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Pete Tormey’s ebook “Startup Guide to Intellectual Property: Early Stage Protection of IP” is a great resource.

Here are some excerpts from the “Protecting IP Early” Chapter of Pete’s book. They cover some of the basic concepts of intellectual property and how to protect it early in your startup’s existence

In the Beginning was the Doodle

The proverbial startup originates on a napkin over cocktails or a coffee. Some startups are well planned and highly orchestrated; others just seem to happen. But even the most experienced entrepreneurs often neglect their intellectual property; not that they don’t think about it, but they are not all that clear about who really owns what, and ultimately, how much that what is worth. In business, what you do not know can hurt you, and what you do know can make you rich. Just like real estate, intellectual property needs to be clearly defined, and its ownership firmly established.

Who Really Owns the Intellectual Property?

Intellectual property ownership is often overlooked or deferred in a young company. Startups often assume the company will own it all, but sometimes things go bad quickly and ownership can become a legal issue. The question of “who really owns the intellectual property?” might sound like a really basic question, but oftentimes it’s hard to answer. If there are joint developers, or multiple stakeholders with valid claims of ownership, then things can get messy.

  • Work-for-Hire is the legal default here, when you pay someone to develop something for you, you own it. For example, if you hire someone to produce an invention you thought of, or to make some marketing posters that might be copyrightable, and you paid them to develop these things for you, then you own the rights in the intellectual property they made. If a work is “made for hire,” the employer–not the employee–is considered the legal author. However, if there is nothing in writing, disputes can and will arise. These can be costly and derail a startup business, so it’s best not to rely on work-for-hire in the abstract unless you need to. It’s better to be absolutely clear on which rights you are paying for in a written agreement.
  • Outside Experts paid by you to write software for your business may use code, procedures, and subroutines that they have developed and used before they started working for you. They may also use development tools that limit their ability to pass on rights to that software.  Very often industrial artisans, like graphic designers and web developers, use pre-existing art to create solutions and clarity of ownership is important. Whatever is developed for the company should belong to the company.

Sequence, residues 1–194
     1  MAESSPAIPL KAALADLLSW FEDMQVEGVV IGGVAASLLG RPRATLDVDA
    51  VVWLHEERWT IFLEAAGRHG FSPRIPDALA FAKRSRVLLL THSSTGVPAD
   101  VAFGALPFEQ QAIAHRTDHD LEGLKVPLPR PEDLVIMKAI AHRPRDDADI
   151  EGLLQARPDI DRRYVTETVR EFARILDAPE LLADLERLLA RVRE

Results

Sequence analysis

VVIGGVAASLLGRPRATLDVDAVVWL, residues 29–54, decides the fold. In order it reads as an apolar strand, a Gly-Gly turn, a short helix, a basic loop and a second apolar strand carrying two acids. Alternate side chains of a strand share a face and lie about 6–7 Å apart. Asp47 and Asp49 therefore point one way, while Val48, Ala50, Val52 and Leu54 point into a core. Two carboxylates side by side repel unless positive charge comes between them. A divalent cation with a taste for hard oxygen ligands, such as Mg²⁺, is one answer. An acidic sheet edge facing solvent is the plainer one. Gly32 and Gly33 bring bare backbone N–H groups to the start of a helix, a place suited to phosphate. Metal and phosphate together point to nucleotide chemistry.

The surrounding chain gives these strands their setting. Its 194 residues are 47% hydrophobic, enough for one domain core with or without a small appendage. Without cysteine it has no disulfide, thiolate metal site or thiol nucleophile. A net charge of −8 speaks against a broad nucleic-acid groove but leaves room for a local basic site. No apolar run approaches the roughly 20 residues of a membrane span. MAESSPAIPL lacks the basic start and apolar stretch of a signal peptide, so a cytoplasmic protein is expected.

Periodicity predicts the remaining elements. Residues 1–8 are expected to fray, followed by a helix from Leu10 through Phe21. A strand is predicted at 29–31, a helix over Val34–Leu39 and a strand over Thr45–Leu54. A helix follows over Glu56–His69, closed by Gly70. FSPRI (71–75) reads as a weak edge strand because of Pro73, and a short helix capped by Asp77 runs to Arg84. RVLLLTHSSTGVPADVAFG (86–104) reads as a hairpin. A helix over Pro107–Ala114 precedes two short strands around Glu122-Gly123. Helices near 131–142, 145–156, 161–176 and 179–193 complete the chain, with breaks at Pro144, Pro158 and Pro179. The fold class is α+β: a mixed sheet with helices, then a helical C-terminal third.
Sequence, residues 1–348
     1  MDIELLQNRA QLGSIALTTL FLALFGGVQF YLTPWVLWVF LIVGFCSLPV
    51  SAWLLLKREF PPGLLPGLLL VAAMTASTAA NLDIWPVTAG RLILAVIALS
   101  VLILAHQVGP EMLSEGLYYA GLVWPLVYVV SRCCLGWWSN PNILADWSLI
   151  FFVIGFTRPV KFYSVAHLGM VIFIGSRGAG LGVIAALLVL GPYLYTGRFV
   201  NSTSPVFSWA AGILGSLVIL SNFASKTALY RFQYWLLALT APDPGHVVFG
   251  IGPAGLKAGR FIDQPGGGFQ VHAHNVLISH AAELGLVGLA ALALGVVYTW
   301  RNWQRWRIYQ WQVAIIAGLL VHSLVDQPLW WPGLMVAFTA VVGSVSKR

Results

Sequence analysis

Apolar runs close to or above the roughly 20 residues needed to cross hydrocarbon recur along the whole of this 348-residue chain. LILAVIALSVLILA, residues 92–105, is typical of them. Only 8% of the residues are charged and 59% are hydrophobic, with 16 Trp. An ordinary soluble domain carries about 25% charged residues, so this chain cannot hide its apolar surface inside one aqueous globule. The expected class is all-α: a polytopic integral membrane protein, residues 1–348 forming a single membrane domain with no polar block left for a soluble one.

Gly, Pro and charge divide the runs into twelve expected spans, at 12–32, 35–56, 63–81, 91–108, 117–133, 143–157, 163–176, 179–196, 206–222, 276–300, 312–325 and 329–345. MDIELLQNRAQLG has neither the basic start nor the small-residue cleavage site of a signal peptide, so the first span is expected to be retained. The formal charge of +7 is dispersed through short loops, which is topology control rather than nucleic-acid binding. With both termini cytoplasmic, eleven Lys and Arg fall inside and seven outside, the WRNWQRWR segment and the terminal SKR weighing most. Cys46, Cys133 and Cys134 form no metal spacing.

• Get it in Writing: even the dullest ink shines brighter than the brightest memory. Have a signed contract in which an employee or vendor agrees to transfer their rights to you in exchange for their employment. Intellectual property ownership then becomes a permanent non-issue, assuming you keep your part of the agreement by paying them. There is no good substitute for having a well-written agreement among yourselves as to who actually owns the intellectual property that you’re having developed. Even if it seems a little awkward among friends, you need to say, “Okay, who owns this? Who invented this, or what are we going to do with it?” You hate to ask that question and risk ruining what could be the start of a really good relationship, but it needs to happen, and the sooner the better.
  • Consider Email: as much as I recommend a well-written agreement, if you can’t get one, at least make an email record of what you agreed to do. Here’s how it works. “Thanks for meeting with me today, just to be clear I will do… and you will do…” A series of short emails setting out what you agreed upon and what your expectations are can be very effective in settling disputes that arise later. They might not have all the formalities of a written contract, but if your email exchanges have the basics of your agreement, well… that’s better than nothing. Besides, getting in the habit of following up meetings with emails helps keep projects on track and keeps all the players on the same page. The downside to emails is that if there is a disagreement about what was agreed upon, an email might not clarify things. People don’t read emails in depth, so they often cause unwarranted confusion. Meet person-to-person (or by phone), clarify things, and then send a follow up email.